20 March 2014 07:47

Nicosia has toed the EU line on mild sanctions against Russia over the crisis in Ukraine but warned that it will oppose 'punitive' economic measures.
Foreign Minister Ioannis Kasoulides on Tuesday said: "Cyprus is against measures that will be punitive for us and our economies."
He added: "In the event of any possible measures that will hit the economics of member states such as Cyprus, President Nicos Anastasiades will ask for counter-measures before Cyprus endorses them."
On Monday, foreign ministers of the European Union (photo) issued the first sanctions against a handful of Russian officials.
These officials are considered to be responsible for actions that undermine or threaten the territorial integrity, sovereignty and independence of Ukraine.
They also condemned the referendum in Crimea as a clear breach on the Ukrainian Constitution and therefore illegal.
They offered political and financial assistance to Ukraine, and called for dialogue between Ukraine and Russia.
However, EU ministers did not go as far as to impose visa restrictions on Russia - a measure proposed by some members.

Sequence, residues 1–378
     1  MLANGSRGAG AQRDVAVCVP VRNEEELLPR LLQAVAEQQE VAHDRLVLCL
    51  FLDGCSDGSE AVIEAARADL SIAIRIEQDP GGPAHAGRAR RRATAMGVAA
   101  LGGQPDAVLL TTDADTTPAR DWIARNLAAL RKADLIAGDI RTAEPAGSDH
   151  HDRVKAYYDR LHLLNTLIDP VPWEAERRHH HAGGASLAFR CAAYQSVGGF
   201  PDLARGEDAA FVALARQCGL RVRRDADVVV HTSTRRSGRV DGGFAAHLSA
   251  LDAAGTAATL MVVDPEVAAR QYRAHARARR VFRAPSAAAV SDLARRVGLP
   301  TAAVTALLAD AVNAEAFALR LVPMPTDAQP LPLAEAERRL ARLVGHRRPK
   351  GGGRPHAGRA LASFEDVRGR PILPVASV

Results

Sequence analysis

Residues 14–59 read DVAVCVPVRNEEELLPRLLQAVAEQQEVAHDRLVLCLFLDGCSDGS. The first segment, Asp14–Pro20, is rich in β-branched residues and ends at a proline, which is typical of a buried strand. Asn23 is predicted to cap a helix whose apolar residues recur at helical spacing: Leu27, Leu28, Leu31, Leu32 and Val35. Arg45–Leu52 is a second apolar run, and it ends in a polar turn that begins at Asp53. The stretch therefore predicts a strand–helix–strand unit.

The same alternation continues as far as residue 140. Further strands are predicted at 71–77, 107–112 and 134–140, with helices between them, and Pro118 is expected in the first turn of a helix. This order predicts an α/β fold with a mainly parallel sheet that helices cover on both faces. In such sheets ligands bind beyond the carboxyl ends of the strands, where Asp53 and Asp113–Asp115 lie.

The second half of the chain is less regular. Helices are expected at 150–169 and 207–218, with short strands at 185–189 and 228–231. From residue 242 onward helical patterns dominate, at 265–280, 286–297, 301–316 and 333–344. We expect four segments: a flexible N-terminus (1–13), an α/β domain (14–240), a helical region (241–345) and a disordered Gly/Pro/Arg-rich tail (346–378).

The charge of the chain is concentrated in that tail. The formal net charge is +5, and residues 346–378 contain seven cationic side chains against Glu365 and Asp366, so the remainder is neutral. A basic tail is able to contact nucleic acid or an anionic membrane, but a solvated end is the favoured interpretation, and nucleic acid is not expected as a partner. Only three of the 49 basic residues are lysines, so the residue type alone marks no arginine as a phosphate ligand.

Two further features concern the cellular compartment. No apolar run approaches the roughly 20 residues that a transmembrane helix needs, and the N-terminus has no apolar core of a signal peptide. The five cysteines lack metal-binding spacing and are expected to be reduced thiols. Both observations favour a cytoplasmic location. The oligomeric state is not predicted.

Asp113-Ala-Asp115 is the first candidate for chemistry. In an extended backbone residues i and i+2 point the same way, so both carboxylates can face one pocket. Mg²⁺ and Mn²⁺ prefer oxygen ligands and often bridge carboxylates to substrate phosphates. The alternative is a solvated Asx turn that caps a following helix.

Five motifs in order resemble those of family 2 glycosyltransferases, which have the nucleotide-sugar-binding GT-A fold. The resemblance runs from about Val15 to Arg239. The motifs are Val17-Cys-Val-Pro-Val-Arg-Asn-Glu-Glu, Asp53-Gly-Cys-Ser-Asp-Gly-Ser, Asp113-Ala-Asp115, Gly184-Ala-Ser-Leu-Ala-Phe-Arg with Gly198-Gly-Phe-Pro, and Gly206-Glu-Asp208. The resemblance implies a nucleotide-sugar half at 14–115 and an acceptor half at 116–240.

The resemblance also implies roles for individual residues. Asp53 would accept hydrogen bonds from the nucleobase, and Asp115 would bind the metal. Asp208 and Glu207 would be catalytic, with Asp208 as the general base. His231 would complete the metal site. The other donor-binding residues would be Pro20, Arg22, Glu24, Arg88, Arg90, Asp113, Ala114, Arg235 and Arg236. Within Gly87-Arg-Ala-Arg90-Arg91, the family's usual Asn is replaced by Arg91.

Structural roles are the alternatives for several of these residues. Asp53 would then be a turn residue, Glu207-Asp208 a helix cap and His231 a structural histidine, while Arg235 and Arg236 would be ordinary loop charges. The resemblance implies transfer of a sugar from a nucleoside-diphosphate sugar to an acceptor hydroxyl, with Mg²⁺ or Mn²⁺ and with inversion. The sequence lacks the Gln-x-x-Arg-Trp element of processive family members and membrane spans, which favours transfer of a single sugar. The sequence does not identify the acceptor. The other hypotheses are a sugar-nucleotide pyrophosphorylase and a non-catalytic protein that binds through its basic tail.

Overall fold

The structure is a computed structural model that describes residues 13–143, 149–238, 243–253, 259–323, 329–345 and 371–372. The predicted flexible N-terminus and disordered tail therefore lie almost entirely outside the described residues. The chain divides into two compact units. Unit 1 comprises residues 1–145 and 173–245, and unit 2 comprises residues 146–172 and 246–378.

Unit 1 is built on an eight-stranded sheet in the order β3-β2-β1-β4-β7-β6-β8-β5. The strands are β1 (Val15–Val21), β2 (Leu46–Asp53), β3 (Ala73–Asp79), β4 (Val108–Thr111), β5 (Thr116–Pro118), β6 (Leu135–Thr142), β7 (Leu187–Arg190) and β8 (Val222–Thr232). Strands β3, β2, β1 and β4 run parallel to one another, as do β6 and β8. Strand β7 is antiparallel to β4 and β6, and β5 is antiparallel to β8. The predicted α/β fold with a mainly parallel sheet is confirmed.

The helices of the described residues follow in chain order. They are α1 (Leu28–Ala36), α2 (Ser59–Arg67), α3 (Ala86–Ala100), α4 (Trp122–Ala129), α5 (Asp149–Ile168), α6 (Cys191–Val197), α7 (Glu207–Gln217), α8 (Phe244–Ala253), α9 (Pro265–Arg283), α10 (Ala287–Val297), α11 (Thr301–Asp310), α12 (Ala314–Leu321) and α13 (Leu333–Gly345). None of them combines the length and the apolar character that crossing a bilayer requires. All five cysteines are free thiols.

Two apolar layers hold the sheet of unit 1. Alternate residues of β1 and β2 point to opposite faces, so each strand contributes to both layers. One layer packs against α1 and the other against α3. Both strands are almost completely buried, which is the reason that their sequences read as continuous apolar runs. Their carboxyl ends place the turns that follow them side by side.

Cyprus - a favourite holiday destination for Russians - could lose millions in revenue from possible visa restrictions.
Kasoulides said that Cyprus is in favour of the sovereignty of Ukraine, and reiterated the need for a political solution to be reached.
"A realistic approach should be implemented," he said in an intervention before the EU Foreign Affairs Council meeting in Brussels.
"Diplomatic efforts must focus on averting escalation of the crisis in the regions of Western and Southern Ukraine."
Kasoulides said Kiev should also take a number of measures.
"The Ukrainian government must adopt a series of good will measures towards the Russian speaking population of the country, including respect of linguistic rights."
"(It should also) firmly address extremist and Nazi groups and their uncontrolled behaviour," he added.
In parallel with financial support from the EU, Kiev should also undergo extended reforms in a bid to confront corruption, he also said.
"This is vital in order to secure the support of the Ukrainian people in the country's efforts to achieve fiscal consolidation."
Former foreign minister George Lillikas said in a statement that no parallels should be drawn between Cyprus' occupied north and Crimea.
"The two cases are completely different. The basic and undisputable difference is that Russians always lived in Crimea. But in the occupied north of Cyprus, Greek Cypriot inhabitants were the vast majority forcibly and violently uprooted by Turkish soldiers," he said.
"And Turkish Cypriots and Turkish settlers now live illegally in the ancestral homes of Greek Cypriots."
 
 


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